The Indian Navy has been a pioneer in the field of indigenisation, as you are aware. The blueprint for the future Navy is firmly anchored on indigenisation and self-reliance. Our sustained efforts towards enhancing indigenisation and self-reliance are also well aligned to the government’s ‘Make in India’ strategy. This initiative will, in fact, give a further boost to our efforts and enable us to strive towards self-sufficiency. The Navy is presently seeking to maximise self-reliance across the ‘Float’, ‘Move’ and ‘Fight’ components of all platforms. Highest priority is being provided to indigenous high-end future technologies, in partnership with the Defence Research and Development Organisation (DRDO), DPSUs, other government agencies and the growing domestic defence-industrial base. This has resulted in renewed thrust to indigenous weapon systems. As a result, we have recently inducted the first torpedo decoy system, Maareech, which has been designed and developed by DRDO. The indigenous heavyweight torpedo project, Varunastra, is also close to fruition. We are in the process of inducting various towed array sonars and next-generation of low frequency sonars. This is in addition to earlier indigenous development, such as of the combat management system, medium-range guns, sonars, radars, electronic warfare (EW) and communication equipment.
As part of the ‘Make in India’ drive, we have also formulated the Indian Naval Indigenisation Plan (INIP), covering the period 2015 to 2030. The INIP 2015-30 has been uploaded on the Indian Navy’s website and also on Confederation of Indian Industry (CII) website for access by the Indian industry. It enumerates major technology areas and capabilities that the Indian public and private sector industry may focus on to meet our indigenisation needs.
SP’s: In the context of Maritime Capability-building Perspective Plan, how would you like to describe the shipbuilding progress on various types/projects for surface ships, including the Indigenous Aircraft Carrier (IAC 1)?
CNS: The Navy is proud of the fact that all 47 platforms currently on order, ranging from submarines to aircraft carrier, are being built in Indian shipyards. All issues considered, the shipbuilding is progressing as planned, with various challenges being addressed on priority in a joint and cooperative manner. The major warship construction programmes in progress include the Aircraft Carrier, P15A and P15B destroyers, Scorpene submarines, P28 anti-submarine warfare (ASW) corvettes and P17A frigates. There has been steady progress made on all projects, with renewed thrust and acceleration to some that had lagged earlier.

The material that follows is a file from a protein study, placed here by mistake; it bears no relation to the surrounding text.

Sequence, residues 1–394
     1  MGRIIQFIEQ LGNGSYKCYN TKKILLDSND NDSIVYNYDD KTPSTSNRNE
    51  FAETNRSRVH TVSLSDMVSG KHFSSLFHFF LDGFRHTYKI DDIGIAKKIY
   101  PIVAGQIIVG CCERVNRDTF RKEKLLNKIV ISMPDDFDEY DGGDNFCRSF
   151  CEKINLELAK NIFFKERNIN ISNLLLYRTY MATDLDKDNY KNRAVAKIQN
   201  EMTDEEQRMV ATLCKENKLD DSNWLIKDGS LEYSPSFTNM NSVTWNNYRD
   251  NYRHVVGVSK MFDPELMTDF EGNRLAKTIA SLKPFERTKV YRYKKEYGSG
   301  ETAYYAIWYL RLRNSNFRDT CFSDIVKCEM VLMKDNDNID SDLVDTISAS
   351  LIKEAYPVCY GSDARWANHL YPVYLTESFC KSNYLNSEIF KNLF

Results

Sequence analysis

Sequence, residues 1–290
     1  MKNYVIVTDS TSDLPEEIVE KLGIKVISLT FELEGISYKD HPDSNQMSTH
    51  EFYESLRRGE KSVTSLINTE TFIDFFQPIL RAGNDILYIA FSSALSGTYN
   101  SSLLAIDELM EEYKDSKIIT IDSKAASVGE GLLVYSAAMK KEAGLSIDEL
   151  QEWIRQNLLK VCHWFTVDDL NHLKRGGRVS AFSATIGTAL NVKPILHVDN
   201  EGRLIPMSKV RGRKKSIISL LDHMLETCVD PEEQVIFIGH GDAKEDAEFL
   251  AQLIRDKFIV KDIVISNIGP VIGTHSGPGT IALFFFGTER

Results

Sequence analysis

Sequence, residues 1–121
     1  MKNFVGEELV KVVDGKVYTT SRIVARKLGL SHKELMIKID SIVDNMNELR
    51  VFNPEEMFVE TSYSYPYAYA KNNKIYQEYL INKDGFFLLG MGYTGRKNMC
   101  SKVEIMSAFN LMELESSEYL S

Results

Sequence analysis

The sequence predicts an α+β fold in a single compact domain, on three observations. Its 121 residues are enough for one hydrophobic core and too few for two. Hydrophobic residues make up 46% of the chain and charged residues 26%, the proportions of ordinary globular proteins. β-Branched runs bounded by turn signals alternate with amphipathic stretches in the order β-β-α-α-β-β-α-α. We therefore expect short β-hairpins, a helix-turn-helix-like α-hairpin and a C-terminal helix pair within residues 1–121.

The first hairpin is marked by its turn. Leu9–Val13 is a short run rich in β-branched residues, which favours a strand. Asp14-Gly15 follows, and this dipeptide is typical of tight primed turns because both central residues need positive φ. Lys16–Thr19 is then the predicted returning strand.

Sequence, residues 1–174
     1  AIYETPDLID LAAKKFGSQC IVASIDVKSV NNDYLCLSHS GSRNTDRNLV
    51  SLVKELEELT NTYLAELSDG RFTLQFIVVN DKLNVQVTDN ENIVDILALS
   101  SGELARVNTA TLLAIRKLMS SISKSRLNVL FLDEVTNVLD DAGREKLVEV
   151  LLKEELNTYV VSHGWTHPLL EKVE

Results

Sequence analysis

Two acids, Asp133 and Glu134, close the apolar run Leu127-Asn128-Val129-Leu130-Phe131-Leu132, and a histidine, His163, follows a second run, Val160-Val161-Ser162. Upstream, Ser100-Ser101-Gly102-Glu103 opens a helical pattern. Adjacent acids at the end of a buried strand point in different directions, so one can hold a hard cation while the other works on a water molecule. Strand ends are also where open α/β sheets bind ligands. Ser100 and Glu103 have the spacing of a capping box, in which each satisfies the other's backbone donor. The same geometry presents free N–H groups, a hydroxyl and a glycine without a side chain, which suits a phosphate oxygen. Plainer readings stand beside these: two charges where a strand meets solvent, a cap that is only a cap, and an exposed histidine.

The hull fabrication work of IAC 1 has been completed and the vessel was undocked in June 2015. Major outfitting work of the ship, including power generation and propulsion, are in progress. Equipment trials and crew training leading to the delivery of the ship would be conducted thereafter.
Whilst the second ship of P15A, INS Kochi was commissioned on September 30, 2015, the third ship, Chennai, is likely to be delivered in early 2016. The first P75 submarine is scheduled to be delivered in September 2016, with balance five P75 submarines at short intervals thereafter. The second ship of P28, Kadmatt is likely to be commissioned shortly. Seven P17A frigates are simultaneously to be built at the Mazagon Dock Ltd (MDL) and Garden Reach Shipbuilders and Engineers Ltd (GRSE). A total of 12 mine countermeasure vessels (MCMVs) are planned to be built indigenously by the Goa Shipyard Limited (GSL) through transfer of technology.
SP’s: Implementation of prestigious 30-year Submarine Force Building and Modernisation Perspective Plan has suffered severe setback in terms of not just the time and cost overruns, but the operational availability of the subsurface fleet is said to be suboptimal. What are the recent measures and initiatives injected to rejuvenate the beleaguered plan?
CNS: The 30-year Submarine Construction Plan was approved in 1999. As you are aware, there were some delays in its realisation, affecting envisaged submarine force levels. As on date, the Indian Navy operates a force of both Sindhughosh class and Shishumar class submarines. Let me assure you, however, that the submarine force of the Navy is potent and capable and fully ready to meet any contingencies. We have taken necessary steps to ensure the operational availability and modernisation of our submarine fleet, even as steps have been taken to accelerate the submarine building plan.
Majority Sindhughosh class and all Shishumar class submarines have undergone modernisation and upgradation, which have significantly enhanced their combat capability. A proposal for extending the service life of the older Sindhughosh and Shishumar class submarines is also being pursued. As far as acquisition of new submarines is concerned, you are aware that six Scorpene submarines are under construction at MDL. Their construction has picked up pace, and the first Scorpene submarine will commence sea trials shortly, with delivery by September 2016. The induction of balance submarines would follow thereafter. The plans to induct six more under Project 75(I) is being actively pursued, for construction at an Indian shipyard, with suitable transfer of technology.